Are We Living in Diaspora?

 by Archbishop PETER (L’Huillier)  

[Fall, 2003]

   Although the term Diaspora is often used in Orthodox ecclesiastical milieus, it is difficult to find an accurate definition of its meaning.  The literal translation of that term into English is Dispersion; however, one can find the word Diaspora in dictionaries with three closely related explanations: 1) the dispersion of the Jews after the Babylonian exile; 2) the Jews thus dispersed; 3) in the time of the Apostles, Jewish Christians who lived outside of Palestine (Webster’s Dictionary)

     In the Old Testament, it firstly refers to the situation of the Israelite people in exile after the capture of Jerusalem by the Babylonians in 587 B.C. Later Jews are found everywhere around the Mediterranean Basin and in the Middle East up to Persia.  But for all the Jews, the country of Israel was the Promised Land and the temple of Jerusalem was the only legitimate place of sacrifice.  So we can understand the sadness of the Psalmist who proclaims: "How shall we sing the Lord’s song in a foreign land?  If I forget you, O Jerusalem , let my right hand wither!  Let my tongue cleave to the roof of my mouth" (Psalm 137:4-6).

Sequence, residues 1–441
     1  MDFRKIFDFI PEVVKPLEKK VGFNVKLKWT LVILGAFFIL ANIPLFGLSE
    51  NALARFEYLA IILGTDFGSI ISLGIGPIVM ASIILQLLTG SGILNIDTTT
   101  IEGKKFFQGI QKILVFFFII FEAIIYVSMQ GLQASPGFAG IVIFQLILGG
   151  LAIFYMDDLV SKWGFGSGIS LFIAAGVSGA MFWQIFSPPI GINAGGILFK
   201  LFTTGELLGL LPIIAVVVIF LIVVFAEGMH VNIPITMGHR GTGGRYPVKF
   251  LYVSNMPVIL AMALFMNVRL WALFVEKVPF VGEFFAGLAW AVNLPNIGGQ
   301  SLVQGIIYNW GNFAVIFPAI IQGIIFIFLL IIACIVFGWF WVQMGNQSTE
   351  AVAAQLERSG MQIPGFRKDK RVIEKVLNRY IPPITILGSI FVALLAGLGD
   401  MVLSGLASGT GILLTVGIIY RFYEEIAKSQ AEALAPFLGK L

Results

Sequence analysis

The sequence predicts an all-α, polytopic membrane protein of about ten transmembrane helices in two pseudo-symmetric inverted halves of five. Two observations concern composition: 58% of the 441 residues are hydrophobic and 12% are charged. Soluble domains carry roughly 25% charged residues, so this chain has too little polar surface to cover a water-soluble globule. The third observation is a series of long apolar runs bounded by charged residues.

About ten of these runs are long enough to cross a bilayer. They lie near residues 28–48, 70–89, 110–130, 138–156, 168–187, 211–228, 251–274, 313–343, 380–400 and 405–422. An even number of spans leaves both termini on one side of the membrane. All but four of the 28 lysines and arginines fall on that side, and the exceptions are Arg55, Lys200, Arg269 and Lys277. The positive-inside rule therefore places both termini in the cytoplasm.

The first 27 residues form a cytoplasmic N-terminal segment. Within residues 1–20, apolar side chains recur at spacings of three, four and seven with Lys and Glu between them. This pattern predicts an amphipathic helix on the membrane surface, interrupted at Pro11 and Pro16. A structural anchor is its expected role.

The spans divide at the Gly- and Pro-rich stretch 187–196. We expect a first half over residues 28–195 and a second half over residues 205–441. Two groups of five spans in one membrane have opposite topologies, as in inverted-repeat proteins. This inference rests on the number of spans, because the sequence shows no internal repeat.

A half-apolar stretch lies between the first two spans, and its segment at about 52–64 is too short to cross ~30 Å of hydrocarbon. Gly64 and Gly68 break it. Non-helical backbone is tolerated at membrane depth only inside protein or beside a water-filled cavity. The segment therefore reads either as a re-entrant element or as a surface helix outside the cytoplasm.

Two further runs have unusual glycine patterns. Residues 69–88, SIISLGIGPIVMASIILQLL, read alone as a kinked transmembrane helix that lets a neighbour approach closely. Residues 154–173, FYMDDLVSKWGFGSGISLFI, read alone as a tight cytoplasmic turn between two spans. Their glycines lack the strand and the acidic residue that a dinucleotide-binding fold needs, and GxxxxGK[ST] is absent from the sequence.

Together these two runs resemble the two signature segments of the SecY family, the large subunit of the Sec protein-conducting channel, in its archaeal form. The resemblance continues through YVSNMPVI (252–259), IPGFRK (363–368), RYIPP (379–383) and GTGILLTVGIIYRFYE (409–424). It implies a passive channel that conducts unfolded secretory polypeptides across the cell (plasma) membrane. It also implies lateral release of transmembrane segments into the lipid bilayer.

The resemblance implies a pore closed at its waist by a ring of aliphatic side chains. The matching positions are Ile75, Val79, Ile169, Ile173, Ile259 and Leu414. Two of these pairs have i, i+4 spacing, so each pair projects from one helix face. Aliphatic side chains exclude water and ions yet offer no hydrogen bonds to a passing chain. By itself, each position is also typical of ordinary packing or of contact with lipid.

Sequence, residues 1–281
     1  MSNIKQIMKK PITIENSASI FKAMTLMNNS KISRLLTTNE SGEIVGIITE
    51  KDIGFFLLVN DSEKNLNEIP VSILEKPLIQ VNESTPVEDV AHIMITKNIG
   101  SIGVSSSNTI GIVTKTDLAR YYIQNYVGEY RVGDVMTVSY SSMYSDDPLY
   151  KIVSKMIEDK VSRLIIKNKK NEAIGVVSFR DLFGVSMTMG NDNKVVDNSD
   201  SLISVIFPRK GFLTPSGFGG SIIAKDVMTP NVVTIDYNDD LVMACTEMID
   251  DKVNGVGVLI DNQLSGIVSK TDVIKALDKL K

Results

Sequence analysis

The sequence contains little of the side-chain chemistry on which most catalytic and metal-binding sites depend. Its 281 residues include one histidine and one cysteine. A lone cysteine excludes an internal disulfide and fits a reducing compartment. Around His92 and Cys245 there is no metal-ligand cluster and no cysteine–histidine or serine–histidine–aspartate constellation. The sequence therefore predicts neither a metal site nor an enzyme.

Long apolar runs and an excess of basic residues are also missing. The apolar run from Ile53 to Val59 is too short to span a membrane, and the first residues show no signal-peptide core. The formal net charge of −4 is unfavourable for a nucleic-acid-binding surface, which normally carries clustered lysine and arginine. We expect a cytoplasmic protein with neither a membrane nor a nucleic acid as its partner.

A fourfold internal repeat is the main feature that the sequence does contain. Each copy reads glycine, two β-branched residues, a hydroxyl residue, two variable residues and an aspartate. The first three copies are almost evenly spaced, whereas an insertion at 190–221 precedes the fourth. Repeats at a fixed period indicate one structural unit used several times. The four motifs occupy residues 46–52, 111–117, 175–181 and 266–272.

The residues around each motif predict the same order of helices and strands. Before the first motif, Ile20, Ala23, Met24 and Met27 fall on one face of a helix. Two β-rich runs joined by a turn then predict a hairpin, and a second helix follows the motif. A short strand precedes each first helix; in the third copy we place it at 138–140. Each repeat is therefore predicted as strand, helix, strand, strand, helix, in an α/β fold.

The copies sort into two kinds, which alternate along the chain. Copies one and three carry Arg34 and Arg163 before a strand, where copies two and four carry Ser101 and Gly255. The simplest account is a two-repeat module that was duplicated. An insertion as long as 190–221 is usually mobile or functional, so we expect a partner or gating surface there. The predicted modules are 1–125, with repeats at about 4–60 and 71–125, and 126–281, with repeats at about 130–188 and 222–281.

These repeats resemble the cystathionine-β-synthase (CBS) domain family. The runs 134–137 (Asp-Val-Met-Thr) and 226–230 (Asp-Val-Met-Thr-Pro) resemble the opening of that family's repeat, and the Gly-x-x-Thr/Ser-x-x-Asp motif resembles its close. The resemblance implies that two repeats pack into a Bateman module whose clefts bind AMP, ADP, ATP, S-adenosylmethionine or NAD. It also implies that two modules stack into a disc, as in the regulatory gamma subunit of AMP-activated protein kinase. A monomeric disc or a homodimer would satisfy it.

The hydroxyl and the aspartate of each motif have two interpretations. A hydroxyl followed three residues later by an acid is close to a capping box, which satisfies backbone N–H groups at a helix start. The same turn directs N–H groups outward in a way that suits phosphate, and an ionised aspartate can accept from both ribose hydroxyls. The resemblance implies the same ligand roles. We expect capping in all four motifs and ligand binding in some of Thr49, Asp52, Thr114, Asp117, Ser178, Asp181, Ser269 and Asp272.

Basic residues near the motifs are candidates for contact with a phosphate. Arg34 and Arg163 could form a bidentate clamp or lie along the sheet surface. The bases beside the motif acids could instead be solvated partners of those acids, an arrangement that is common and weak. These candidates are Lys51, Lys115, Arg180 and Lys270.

For the believers in Christ, the position is different.  They remember very especially the prophecy of Jeremiah:  "Behold, the days are coming, says the Lord, when I will make a new covenant with the house of Israel, and the house of Judah; not like the covenant which I made with their forefathers . . . But this is the covenant which I will make with the house of Israel after those days, says the Lord: I will put my law within them and I will write it upon their hearts and I will be their God and they shall be my people" (31:31-32, 33-34).  This prophecy is obviously mentioned as fulfilled in the New Testament.  It is quoted in the epistle to the Hebrews, 8:8-10, and is the theme of that entire letter.  One of the most salient characteristics of the New Covenant is its universality based on the command of Christ before His Ascension:  "Go therefore and make disciples of all nations, baptizing them in the name of the Father, and of the Son, and of the Holy Spirit, teaching them to observe all that I have commanded you, and lo, I am with you always, even to the close of the age" (Matthew 28:19-20).